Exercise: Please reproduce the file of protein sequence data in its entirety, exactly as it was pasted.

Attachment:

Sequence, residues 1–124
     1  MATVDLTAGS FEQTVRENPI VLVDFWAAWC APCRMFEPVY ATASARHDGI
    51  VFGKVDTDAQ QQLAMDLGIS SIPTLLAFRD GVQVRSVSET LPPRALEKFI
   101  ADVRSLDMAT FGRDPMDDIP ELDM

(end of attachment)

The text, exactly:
Sequence, residues 1–124
     1  MATVDLTAGS FEQTVRENPI VLVDFWAAWC APCRMFEPVY ATASARHDGI
    51  VFGKVDTDAQ QQLAMDLGIS SIPTLLAFRD GVQVRSVSET LPPRALEKFI
   101  ADVRSLDMAT FGRDPMDDIP ELDM